In these doomed characters, the reader finds the deepest wellspring of agency and responsibility: decisions made in the face of the radical unknown, without the guiding lights of conscience or logic or self-preservation. In the forest of contingency, the Fool searches for a way forward, accepting that every step is a non-sequitur, that every breath inhaled is a leap of faith. The Fool has been condemned by his father, betrayed by the comforts of religion and sexuality, abandoned by the literary establishment and the legal system. All that's left is the labyrinth, and the Fool himself, the figure shuddering against its background.

The Fool card is folly, a dialectical balancing act between volition and paralyzing uncertainty. It is the protagonist of a nonsensical story, the Zero as opposed to the One. According to a common interpretation, the rest of the cards represent the journey of this primary Arcana through his life. It's particularly Kafkaesque that the Tarot spread is basically the Fool's act of looking himself in the eye, and seeing only an empty space.

And yet the Fool, like Kafka and all his characters, is condemned to stand up and say, "I am here, at the mercy of your absurd convulsions. Take me and do with me what you will."

Saturday, February 02, 2013

The Major Arcana: Introductory Post and TOC

I have a prediction about the future: February is going to be a very verbose month on Benefit of the Doubt.

This is more than simply a word from an Oracle; as a guess, it's fairly educated. For the last couple weeks, I've been following a very random impulse, prompted by a random visit to Notions-N-Potions, an Occult Stuff store in Beacon, NY. Whilst browsing there, my wife and I browsed a stack of Tarot cards. What memories they brought back!

I went through my own Tarot phase, of course, like many of us fantasy/literature/eclecticism nerds do. I had a bunch of decks, and I tried doing a couple readings, and browsing through some very interesting New-Agey books on the subject, before it all disappeared into a box on my shelf to make way for a Warhammer Fantasy phase. But this visit to this Occult/Biker store brought back the memories, invoking those hazy semantic resonances, reminding me how interesting I've always found these methodical, archetypal obscurities and ambiguities in the world of mysticism.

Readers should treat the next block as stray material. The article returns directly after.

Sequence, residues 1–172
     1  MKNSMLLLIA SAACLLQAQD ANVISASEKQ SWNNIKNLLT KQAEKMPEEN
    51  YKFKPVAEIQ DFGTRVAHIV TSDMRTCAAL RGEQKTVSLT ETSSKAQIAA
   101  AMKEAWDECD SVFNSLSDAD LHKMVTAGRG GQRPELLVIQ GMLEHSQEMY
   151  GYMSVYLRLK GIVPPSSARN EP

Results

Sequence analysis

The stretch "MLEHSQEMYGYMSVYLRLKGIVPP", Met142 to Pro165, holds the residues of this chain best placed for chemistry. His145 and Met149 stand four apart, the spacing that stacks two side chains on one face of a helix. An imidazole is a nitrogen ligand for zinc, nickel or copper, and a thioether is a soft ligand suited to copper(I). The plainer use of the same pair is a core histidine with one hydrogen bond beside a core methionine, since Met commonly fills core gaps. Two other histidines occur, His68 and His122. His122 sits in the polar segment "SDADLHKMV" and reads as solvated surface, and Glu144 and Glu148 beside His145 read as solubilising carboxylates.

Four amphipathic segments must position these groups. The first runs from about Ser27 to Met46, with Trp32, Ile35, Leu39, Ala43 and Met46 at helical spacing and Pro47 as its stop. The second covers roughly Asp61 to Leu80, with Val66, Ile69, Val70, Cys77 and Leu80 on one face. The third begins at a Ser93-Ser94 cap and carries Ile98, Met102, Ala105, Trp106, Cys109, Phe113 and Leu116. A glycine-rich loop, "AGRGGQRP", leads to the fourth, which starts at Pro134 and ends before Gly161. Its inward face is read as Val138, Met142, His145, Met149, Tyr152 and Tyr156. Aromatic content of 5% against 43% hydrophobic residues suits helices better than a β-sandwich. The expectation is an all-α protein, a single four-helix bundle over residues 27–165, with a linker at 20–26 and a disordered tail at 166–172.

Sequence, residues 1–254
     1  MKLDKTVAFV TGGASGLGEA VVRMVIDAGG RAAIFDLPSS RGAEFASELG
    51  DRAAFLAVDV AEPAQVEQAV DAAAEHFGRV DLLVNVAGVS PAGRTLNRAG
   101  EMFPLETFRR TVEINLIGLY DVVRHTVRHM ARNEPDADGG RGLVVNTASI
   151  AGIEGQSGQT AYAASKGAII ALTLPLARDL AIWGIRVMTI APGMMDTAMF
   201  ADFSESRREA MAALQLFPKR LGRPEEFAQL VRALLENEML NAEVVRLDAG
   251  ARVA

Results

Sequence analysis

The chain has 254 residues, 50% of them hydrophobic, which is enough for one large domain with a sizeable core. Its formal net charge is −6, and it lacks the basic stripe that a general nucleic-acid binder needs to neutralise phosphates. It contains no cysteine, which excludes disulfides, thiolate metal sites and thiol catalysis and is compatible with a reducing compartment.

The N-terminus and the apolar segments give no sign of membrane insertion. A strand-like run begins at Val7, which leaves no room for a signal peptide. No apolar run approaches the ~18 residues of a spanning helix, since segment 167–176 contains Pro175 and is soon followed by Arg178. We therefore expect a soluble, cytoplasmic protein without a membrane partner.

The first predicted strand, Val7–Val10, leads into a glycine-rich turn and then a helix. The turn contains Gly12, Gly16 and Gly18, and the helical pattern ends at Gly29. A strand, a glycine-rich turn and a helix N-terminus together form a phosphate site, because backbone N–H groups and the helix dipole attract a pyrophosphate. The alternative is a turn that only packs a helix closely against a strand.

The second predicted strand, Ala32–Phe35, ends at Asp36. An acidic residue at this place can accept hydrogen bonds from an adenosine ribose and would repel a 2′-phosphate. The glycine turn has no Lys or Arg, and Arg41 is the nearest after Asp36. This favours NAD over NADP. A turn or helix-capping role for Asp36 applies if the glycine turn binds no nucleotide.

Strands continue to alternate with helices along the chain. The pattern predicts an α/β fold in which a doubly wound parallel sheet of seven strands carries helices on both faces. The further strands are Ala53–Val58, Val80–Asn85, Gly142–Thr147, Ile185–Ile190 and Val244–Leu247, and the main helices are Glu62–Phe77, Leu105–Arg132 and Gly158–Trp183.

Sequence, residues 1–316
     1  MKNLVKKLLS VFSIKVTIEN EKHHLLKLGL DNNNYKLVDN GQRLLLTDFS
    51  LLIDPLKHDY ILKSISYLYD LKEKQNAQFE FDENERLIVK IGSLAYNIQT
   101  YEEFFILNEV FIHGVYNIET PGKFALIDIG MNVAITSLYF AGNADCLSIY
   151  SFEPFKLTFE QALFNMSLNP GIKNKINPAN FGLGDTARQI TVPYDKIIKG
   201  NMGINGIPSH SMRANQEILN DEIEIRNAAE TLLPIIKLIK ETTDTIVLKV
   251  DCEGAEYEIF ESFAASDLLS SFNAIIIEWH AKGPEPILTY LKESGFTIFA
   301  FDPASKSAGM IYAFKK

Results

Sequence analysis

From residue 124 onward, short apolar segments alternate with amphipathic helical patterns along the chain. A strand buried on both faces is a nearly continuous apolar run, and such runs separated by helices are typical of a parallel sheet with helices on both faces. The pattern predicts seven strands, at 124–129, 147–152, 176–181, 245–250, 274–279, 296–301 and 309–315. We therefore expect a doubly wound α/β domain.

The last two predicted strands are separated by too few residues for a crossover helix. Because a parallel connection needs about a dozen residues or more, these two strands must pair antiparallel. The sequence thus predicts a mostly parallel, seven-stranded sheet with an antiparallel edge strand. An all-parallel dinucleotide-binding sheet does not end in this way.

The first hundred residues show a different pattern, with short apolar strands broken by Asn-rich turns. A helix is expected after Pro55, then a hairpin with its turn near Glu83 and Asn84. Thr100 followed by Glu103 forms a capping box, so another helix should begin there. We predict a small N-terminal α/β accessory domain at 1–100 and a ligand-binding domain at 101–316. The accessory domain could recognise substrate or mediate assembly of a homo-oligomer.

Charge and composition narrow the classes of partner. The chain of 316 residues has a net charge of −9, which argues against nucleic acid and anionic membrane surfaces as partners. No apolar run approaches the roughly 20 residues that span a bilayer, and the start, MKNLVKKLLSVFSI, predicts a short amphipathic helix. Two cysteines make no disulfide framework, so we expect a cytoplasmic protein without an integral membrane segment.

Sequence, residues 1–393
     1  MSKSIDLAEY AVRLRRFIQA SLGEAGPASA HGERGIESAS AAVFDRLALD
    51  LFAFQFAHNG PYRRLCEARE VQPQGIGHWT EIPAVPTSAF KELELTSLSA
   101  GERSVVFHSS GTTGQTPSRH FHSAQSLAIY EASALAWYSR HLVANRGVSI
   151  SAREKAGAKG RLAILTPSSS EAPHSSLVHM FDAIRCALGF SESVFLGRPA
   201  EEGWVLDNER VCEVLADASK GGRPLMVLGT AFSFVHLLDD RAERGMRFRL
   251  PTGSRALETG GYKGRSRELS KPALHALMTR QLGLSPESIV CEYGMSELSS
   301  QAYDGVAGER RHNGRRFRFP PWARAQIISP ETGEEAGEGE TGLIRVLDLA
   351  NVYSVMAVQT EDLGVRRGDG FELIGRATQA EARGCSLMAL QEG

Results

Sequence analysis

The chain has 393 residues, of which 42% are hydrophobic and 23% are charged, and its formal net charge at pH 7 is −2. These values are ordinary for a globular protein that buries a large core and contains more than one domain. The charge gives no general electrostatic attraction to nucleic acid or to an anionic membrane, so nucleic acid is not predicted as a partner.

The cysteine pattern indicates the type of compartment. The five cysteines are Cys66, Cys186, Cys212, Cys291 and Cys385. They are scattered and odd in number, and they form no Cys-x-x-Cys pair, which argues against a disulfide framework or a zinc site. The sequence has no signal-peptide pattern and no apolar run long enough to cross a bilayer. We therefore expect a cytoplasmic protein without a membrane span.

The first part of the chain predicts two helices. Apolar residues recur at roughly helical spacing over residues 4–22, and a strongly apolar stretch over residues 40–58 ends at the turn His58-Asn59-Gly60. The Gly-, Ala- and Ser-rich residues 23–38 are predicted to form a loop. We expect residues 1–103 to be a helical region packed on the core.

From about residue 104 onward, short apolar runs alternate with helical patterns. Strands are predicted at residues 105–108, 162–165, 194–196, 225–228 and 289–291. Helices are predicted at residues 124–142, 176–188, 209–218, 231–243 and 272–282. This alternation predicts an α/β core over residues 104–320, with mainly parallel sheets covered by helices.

So I treated this resurgence of memories as a writing prompt... from the humming disarray in my brain, I started plucking famous names of literary figures who I could associated with the various Trumps of the traditional Tarot deck. And I figured, why not pen mini-essays on these figures, using the cards as a guide?

Right now, I'm just calling it "The Major Arcana," though it would be just as appropriate to call them "People Jesse Likes, Loosely Connected by Tarot Card Wikipedia Entries." Maybe I'll just call them "The Trumps," or "The Majors." I don't know.

As of this writing, I've completed almost all of them. With February starting, I think it's a good time to start publishing them on this blog.

As I publish them, I'll link to them on this initial entry, so you have a gradually-expanding Table of Contents of my musings.

Number one is Franz Kafka as The Fool, to be posted on Monday.

2/4/2013 - THE FOOL: Franz Kafka
2/6/2013 - THE MAGICIAN: Christopher Nolan
2/8/2013 - THE HIGH PRIESTESS: Octavia Butler
2/11/2013 - THE EMPRESS: Sofia Coppola
2/13/2013 - THE EMPEROR: James Cameron
2/15/2013 - THE HIEROPHANT: PT Anderson
2/18/2013 - THE LOVERS: Vladimir Nabokov, Baz Luhrmann
2/20/2013 - THE CHARIOT: Cormac McCarthy, Guy Ritchie
2/22/2013 - STRENGTH: John Steinbeck
2/25/2013 - THE HERMIT: Marcel Proust
2/27/2013 - WHEEL OF FORTUNE: Fyodor Dostoyevsky
3/1/2013 - JUSTICE: Werner Herzog
3/4/2013 - THE HANGED MAN: Andrei Tarkovsky
3/6/2013 - DEATH: Darren Aronofsky
3/8/2013 - TEMPERANCE: Terrence Malick